21 Jan 2017

mayoraasei: (Geek)
It's one of my favourite dishes at 鼎泰丰 (Din Tai Fung), the deliciously numbing and slightly chilli oil, and the (really quite good) fat noodles soaking up the juice.

The "red oil" is a versatile mixture used in a several of my favourite Szechuan cuisines - the chilli oil wonton, the cold noodles, and add it as topping to your favourite noodles.

I did this as an experiment, but it actually turned out rather amazing. This is quite a versatile recipe, so you can alter whatever spices you prefer to be in there.

A) Dry ingredients (alter this to taste):
- Sugar
- Salt
- Crushed Szechuan pepper 花椒
- Crushed fennel seeds 茴香籽
- Crushed fried red onions 炸紅蔥頭 (you can get these from SE Asian shops)
- Crushed fried garlic 炸蒜
- Chilli powder or crushed dried chillis 辣椒粉或干辣椒碎 (one recipe suggested 3 different types of powder, I happened to have some chilli powder I got from Coles and a bag of crushed chilli from a Korean store, though to be honest I'm not connoisseur enough to taste the difference)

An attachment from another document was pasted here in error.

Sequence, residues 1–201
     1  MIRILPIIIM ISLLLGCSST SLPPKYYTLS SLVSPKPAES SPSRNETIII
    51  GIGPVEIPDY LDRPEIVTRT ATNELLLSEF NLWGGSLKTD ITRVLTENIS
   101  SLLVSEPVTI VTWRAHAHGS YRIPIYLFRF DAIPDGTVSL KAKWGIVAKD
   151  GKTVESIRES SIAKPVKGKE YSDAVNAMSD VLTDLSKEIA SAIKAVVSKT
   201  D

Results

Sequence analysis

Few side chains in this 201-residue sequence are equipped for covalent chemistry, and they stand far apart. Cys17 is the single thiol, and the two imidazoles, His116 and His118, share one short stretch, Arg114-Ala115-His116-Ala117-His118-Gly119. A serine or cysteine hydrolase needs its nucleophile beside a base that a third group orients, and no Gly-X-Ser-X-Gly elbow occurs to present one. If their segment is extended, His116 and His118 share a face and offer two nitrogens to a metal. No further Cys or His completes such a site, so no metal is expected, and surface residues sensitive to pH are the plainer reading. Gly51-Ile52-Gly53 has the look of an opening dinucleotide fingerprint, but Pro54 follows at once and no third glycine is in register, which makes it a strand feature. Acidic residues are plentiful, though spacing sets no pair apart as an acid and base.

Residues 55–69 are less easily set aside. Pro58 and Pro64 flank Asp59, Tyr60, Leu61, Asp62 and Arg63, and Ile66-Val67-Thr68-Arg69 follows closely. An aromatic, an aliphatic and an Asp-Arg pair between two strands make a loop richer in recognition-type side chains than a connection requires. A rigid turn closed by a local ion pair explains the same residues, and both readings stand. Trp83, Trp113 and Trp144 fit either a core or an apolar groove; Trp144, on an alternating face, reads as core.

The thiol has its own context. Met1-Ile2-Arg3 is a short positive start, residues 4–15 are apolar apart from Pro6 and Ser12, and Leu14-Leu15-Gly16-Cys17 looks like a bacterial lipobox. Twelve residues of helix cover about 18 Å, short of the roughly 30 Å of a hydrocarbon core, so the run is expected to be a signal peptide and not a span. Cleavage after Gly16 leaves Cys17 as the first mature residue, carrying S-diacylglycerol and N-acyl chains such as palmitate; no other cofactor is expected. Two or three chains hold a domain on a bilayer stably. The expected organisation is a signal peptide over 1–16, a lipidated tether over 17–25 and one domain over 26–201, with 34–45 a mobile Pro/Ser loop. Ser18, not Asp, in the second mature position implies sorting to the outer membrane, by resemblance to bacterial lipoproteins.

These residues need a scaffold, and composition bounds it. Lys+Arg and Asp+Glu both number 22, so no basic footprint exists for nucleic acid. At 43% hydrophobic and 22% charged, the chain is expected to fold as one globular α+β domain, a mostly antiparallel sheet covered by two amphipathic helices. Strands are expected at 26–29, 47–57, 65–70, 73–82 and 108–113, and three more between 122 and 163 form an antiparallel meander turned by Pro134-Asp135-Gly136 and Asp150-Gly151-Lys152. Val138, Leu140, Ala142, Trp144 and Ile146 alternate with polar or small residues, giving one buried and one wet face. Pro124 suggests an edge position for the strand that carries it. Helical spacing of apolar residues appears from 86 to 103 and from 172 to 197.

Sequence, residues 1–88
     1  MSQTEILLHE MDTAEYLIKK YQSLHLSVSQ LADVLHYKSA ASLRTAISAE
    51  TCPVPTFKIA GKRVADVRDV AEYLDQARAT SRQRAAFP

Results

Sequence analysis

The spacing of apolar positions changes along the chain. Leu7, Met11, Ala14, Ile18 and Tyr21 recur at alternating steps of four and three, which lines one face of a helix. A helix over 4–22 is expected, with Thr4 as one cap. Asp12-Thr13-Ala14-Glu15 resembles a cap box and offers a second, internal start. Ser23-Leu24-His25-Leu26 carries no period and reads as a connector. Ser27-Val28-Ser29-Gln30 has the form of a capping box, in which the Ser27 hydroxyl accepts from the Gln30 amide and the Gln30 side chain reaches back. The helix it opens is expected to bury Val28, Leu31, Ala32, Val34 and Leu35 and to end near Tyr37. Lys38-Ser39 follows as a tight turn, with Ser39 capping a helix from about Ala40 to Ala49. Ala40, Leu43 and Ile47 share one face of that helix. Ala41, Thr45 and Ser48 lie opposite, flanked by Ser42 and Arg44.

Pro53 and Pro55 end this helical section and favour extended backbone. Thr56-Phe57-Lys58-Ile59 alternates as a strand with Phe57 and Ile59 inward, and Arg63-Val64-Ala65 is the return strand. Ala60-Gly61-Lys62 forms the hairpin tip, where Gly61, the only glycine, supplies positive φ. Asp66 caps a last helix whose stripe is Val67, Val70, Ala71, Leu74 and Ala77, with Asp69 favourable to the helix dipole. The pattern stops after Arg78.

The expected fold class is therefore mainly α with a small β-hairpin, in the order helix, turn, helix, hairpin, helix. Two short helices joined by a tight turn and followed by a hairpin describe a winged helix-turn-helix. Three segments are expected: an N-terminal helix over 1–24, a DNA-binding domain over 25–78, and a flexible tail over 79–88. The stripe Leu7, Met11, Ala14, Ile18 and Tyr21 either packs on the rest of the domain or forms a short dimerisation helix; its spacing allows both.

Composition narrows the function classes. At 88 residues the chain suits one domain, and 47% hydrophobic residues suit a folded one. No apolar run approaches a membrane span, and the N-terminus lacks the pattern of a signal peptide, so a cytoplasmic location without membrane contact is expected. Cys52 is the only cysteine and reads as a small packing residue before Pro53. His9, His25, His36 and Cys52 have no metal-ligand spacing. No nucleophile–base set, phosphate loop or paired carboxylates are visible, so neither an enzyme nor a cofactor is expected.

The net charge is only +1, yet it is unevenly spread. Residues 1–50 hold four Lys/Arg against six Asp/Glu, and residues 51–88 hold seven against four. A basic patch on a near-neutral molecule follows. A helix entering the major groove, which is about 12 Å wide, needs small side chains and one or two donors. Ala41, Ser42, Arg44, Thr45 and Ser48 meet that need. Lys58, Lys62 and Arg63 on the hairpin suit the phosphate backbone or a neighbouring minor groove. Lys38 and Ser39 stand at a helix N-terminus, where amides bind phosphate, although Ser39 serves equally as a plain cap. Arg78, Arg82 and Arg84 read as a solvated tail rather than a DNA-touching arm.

(Optional) Sesame or crushed peanuts
(Optional) Pepper 胡椒
(Optional) Lithospermum 紫草 - supposedly this, in Chinese medicine, counteracts the "hot" effects of the other chillis/peppers that's added to this

B) Oil ingredients:
- Fresh ginger
- Fresh garlic
- Fresh shallot
- Dried Szechuan pepper
- Dried star anise
- Dried cinnamon (I actually forgot this, but it didn't seem to affect the core of the taste too much)

The idea is that you use low heat to deep fry all of the ingredients in (B). Unlike in other Asian stirfry cuisine where you typically heat up the oil before adding in the spices, you actually put the ingredients into cold oil and slowly heat it until small bubbles ooze, and let it cook until the ingredients turn crisp. Then you discard the spices in the oil and pour the oil, while hot, onto all the dry ingredients.

To make the sauce for the wonton or the cold noodles, mix one part of the chill oil/paste to one part Chinese vinegar (or black vinegar) to one part soy sauce.

You would definitely scoop some of the crushed/ground spices along with the oil, because that's where the flavour pops.

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